William Travilla

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William Travilla
Costume designer William Travilla.jpg
Travilla in 1968
Born(1920-03-22)March 22, 1920
DiedNovember 2, 1990(1990-11-02) (aged 70)
Los Angeles, California, U.S.
Other namesBill Travilla
Billy Travilla
EducationChouinard Art Institute
Alma materWoodbury University
OccupationFashion designer
(m. 1944; died 1989)

William Travilla (March 22, 1920 – November 2, 1990), known professionally as Travilla, was an American costume designer for theatre, film, and television.[1] He is perhaps best known for designing costumes for Marilyn Monroe in eight of her films, as well as two of the most iconic dresses in cinematic history.[2]

Early life[edit]

Travilla was born and raised in Los Angeles. During adolescence, became interested in art and enrolled at Chouinard Art Institute in Los Angeles. When Travilla was sixteen, he began to frequent burlesque clubs in order to design the dancers' costumes. He sold pencil sketches of costume designs to the showgirls. After inheriting $5,000 from his grandfather, Travilla used the money to travel. He spent a year in the South Seas and Tahiti, an area which influenced his art work and designs. After being designated 4F due to flat feet, Travilla enrolled at Woodbury University where he studied fashion designing.[3] He graduated in 1941.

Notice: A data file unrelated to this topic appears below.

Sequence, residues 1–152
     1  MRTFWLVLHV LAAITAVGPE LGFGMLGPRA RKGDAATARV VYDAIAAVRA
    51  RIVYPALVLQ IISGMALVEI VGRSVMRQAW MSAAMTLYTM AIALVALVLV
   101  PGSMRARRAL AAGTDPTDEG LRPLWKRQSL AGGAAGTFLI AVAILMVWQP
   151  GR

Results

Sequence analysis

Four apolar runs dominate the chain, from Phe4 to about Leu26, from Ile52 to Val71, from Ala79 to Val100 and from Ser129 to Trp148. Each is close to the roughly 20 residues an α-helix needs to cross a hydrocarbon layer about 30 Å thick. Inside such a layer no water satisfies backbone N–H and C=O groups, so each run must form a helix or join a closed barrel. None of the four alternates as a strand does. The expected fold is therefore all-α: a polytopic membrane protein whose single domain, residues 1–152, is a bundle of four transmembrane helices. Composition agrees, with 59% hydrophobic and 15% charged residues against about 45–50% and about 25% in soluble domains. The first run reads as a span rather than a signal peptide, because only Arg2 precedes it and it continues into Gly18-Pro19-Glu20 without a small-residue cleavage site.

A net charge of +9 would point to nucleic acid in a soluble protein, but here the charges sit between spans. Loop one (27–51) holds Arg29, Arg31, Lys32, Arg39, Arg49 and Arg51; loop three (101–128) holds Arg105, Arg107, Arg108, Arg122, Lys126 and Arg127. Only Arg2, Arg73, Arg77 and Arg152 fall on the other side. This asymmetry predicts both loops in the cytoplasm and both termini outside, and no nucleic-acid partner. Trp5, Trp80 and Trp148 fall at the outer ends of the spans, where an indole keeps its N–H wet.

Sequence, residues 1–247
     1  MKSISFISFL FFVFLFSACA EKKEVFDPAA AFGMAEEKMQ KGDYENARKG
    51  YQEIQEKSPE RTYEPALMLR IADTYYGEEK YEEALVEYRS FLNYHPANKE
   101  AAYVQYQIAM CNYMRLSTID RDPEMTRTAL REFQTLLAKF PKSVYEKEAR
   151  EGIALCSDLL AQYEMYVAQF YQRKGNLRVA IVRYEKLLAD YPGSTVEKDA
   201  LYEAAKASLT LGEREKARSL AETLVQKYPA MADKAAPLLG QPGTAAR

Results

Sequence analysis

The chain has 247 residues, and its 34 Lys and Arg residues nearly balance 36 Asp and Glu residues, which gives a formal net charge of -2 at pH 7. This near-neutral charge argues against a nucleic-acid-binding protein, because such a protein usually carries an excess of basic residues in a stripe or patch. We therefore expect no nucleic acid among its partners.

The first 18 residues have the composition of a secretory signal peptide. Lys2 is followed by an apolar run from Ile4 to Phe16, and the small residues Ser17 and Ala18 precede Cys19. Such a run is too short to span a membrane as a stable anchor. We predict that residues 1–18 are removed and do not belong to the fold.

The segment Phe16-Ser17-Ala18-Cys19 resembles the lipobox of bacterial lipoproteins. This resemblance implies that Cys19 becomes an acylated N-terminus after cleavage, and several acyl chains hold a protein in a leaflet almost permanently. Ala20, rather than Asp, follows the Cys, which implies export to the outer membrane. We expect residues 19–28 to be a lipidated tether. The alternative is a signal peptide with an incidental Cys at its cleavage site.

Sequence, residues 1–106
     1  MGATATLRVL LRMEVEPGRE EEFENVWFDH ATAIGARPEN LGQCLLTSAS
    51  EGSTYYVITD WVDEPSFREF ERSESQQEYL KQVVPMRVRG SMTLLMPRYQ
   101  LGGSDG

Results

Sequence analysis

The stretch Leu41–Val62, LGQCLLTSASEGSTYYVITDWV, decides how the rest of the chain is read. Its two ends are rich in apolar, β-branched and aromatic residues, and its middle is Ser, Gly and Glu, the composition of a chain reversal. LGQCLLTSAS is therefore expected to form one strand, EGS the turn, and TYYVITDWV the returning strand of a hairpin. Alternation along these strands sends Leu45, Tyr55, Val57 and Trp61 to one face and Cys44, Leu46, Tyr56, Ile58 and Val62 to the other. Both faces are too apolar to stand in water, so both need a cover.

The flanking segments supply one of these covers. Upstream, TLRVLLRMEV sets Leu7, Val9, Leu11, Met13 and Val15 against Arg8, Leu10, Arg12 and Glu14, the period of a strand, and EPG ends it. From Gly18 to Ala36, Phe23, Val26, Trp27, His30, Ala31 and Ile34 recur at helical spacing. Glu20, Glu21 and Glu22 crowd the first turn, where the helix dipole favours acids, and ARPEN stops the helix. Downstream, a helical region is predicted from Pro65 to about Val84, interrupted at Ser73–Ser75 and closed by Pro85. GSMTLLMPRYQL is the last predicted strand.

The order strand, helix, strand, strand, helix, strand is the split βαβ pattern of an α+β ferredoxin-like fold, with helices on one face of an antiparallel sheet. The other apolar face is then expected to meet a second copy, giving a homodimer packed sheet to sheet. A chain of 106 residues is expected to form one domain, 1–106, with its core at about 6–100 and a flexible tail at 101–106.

Upon graduating from Woodbury, Travilla began working at Western Costume in Hollywood as ghost-sketcher for studio designers. After a stint at Western, Travilla took a job designing at Jack's of Hollywood. At Jack's, he was given assignments working for ice skater and actress Sonja Henie as well as for United Artists and Columbia Pictures.

Travilla began selling Tahiti-inspired paintings at the popular tiki bar Don The Beachcomber. Actress Ann Sheridan began collecting Travilla's work and, shortly thereafter, requested that Warner Bros. hire Travilla as her personal costume designer. His designs for Sheridan were featured in the 1947 film noir Nora Prentiss. The film was a hit and Travilla was hired to design costumes for Sheridan in her next film, the 1948 Western Silver River.[4]